Paulino's walkoff single extends Pirates' good feeling
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It is only two wins.
It is, to be sure, no big deal in any context, much less one that follows 90 games of virtually uninterrupted misery.
And yet, to see these Pirates overcome adversity rather than succumb to it, to see them string together large hits and little plays that loom large, to see them mob Ronny Paulino on the PNC Park grass after his bases-loaded single in the bottom of the ninth inning sunk the Washington Nationals, 7-6 ...
"It's one of those games where you look our team and think to yourself, 'This is what we're capable of doing,' " shortstop Jack Wilson said. "We're doing all the things that help you win games."
It actually has been two of those games now, each coming after an All-Star break that appears -- for now, anyway -- to have exorcised much of what had ailed the Pirates.
Including, perhaps, the memory of the one defeat that cut the deepest wound of all.
That came, of course, June 19 on the same field against the Arizona Diamondbacks. Bases loaded, bottom of the ninth, and all that was needed was a fly ball. Instead, there would be three strikeouts and an extra-inning loss.
This time, with the score 6-6, Jason Bay led off with a five-pitch walk off Washington reliever Roy Corcoran, and Sean Casey softly singled through the right side for men on first and second.
Pinch-hitter Jose Hernandez put down a bunt single toward the shortstop area to load the bases, capitalizing on a gaffe by the Nationals. Corcoran was supposed to cover the area to the left of the mound to compensate for third baseman Ryan Zimmerman backpedaling to his bag, but Corcoran froze.
"Give Jose credit," manager Jim Tracy said. "He put it where he was supposed to."
After Jose Bautista struck out, Paulino dug a 1-2 hole, then fouled off two pitches. Washington catcher Brian Schneider lined up for an outside fastball, but Corcoran's offering stayed over the plate, and Paulino sliced it to the gap in right-center for a drive that would have been extra bases even if the outfield were not drawn in.
Tracy could not help but cite flashbacks of that Arizona outcome, one so grisly it drew criticism from owner Kevin McClatchy.
"Obviously, we had that situation before this year," Tracy said. "And once again, just like our last game, we showed further growth in having the presence of mind to realize the situations we visited in the first half."
He paused in addressing reporters in his office.
"We've done a lot of positive things in these two days, you guys. Look at the execution. Look at the awareness of the situations. I didn't see any panic out there, just a recognition that we've been there before."
Ian Snell toiled from the first pitch, which Alfonso Soriano smashed into the center-field landscaping, and lasted five laborious innings in which he walked six and allowed six hits. But, like Zach Duke the previous night, he minimized the damage and exited with the Pirates down, 4-3.
They dashed ahead in the sixth.
Joe Randa's RBI double tied the score and, after taking third on a groundout, he sprinted home on Wilson's spontaneous two-out bunt for the 5-4 lead.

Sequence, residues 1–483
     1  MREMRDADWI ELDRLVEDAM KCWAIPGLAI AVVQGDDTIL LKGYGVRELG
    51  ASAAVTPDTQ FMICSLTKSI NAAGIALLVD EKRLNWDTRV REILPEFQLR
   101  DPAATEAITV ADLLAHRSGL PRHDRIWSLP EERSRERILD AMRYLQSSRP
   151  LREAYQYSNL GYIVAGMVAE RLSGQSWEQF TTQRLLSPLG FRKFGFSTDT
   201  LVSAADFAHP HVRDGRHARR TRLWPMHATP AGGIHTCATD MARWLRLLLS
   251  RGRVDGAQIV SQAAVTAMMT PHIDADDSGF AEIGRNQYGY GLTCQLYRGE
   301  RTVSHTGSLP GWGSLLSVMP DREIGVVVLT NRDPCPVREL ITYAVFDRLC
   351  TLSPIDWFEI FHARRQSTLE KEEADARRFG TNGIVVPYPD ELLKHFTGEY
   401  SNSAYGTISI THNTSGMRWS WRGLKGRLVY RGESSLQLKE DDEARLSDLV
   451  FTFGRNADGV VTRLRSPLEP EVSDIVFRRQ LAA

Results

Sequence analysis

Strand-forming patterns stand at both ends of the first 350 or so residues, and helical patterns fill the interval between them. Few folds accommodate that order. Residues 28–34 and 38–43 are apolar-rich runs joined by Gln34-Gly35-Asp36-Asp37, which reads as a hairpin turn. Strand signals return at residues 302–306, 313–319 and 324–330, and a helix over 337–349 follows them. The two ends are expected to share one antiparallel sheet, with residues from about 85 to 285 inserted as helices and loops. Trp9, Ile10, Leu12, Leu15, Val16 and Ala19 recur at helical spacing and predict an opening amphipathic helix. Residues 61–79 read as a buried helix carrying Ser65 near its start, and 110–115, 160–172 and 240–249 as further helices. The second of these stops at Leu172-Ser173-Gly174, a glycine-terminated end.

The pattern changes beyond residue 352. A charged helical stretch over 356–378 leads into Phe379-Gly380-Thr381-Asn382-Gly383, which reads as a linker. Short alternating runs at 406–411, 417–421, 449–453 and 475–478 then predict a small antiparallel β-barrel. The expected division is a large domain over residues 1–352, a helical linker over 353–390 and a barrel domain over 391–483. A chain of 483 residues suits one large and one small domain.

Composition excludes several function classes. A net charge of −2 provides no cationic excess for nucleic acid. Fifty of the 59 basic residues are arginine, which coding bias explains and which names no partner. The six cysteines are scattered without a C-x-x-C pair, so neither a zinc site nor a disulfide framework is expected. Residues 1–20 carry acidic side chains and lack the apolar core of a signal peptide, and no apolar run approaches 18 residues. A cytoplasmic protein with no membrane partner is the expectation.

Spotting Zimmerman well back at third base, Wilson waited until the last moment to square up for reliever Kevin Gryboski's pitch, then deadened the ball to the point there was no play on it.
"I peeked down there before I got into the box to see where he was," Wilson said of Zimmerman. "I thought I'd try it once."
Washington evened the score in the seventh on Alex Escobar's RBI single, then took the lead the next inning on an apparent lapse by Bautista.
With Jose Vidro at second, Zimmerman zipped a ball to center field for a single that looked certain to bring home Vidro.
At least, that is how Bautista saw it while ranging well to his left.
"I'm going so far over, there's no way I can throw the guy out across my body," he said.
But Vidro hesitated between second and third, magnifying a casual pickup by Bautista. By the time Bautista saw he had a chance at Vidro, his throw to Wilson and the relay to the plate were way late.
That brought a rain of boos from the crowd of 32,626, but Tracy absolved Bautista.
"He didn't nonchalant it," Tracy said. "Jose's not that type of player. He had no way of knowing Vidro would freeze."
"It was really just a misunderstanding," Bautista said.
No matter. Randa doubled again to start the Pirates' eighth, took third on Nate McLouth's bunt and scored on Wilson's shallow sacrifice fly to center because Luis Matos' throw was far off target.
Randa is batting .391 since coming off the disabled list June 13, having lost his job to Freddy Sanchez while injured.
"I'm not the type to feel sorry for myself," Randa said. "I've picked my head up and supported Freddy in every situation that Trace has put me in. I'm just trying to go up there and have good at-bats."
The Pirates' back-to-back victories were their first since June 9-11, when they took three in a row at San Francisco.
Peter Diana, Post-Gazette
Teammates chase down Ronny Paulino, left, after he delivered the winning single with the bases loaded in the bottom of the ninth inning last night at PNC Park.
First Published July 16, 2006 12:00 am